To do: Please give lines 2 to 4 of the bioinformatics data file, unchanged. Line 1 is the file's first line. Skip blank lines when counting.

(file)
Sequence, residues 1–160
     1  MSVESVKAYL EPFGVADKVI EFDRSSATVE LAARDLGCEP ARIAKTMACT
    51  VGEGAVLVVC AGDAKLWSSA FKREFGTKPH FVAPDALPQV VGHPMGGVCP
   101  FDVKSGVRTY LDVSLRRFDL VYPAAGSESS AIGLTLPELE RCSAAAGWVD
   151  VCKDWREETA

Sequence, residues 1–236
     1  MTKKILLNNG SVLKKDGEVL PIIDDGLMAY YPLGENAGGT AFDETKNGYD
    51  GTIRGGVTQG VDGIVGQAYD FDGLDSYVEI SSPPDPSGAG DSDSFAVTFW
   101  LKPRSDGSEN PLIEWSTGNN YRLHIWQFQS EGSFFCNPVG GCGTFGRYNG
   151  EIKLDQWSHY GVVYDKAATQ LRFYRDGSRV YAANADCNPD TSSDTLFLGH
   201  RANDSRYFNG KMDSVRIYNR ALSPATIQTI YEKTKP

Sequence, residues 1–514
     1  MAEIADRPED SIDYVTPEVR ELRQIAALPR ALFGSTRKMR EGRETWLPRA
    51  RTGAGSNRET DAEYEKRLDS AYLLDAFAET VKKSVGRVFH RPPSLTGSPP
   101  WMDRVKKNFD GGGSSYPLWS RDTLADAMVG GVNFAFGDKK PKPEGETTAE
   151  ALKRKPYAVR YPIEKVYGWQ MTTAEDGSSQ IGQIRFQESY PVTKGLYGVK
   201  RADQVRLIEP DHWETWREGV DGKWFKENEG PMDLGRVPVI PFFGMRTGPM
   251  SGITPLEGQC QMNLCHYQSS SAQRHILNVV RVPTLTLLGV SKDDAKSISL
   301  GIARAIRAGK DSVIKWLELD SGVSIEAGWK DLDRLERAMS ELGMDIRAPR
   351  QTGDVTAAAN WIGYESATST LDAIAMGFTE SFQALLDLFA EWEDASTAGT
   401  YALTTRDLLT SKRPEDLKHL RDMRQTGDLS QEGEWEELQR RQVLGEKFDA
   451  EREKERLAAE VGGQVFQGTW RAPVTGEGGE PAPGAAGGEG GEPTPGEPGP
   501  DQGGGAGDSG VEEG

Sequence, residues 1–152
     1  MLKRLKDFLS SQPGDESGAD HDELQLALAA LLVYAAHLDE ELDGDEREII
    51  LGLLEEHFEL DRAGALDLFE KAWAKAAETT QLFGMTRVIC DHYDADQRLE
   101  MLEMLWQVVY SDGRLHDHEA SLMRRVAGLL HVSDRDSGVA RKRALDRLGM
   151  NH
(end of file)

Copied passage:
     1  MSVESVKAYL EPFGVADKVI EFDRSSATVE LAARDLGCEP ARIAKTMACT
    51  VGEGAVLVVC AGDAKLWSSA FKREFGTKPH FVAPDALPQV VGHPMGGVCP
   101  FDVKSGVRTY LDVSLRRFDL VYPAAGSESS AIGLTLPELE RCSAAAGWVD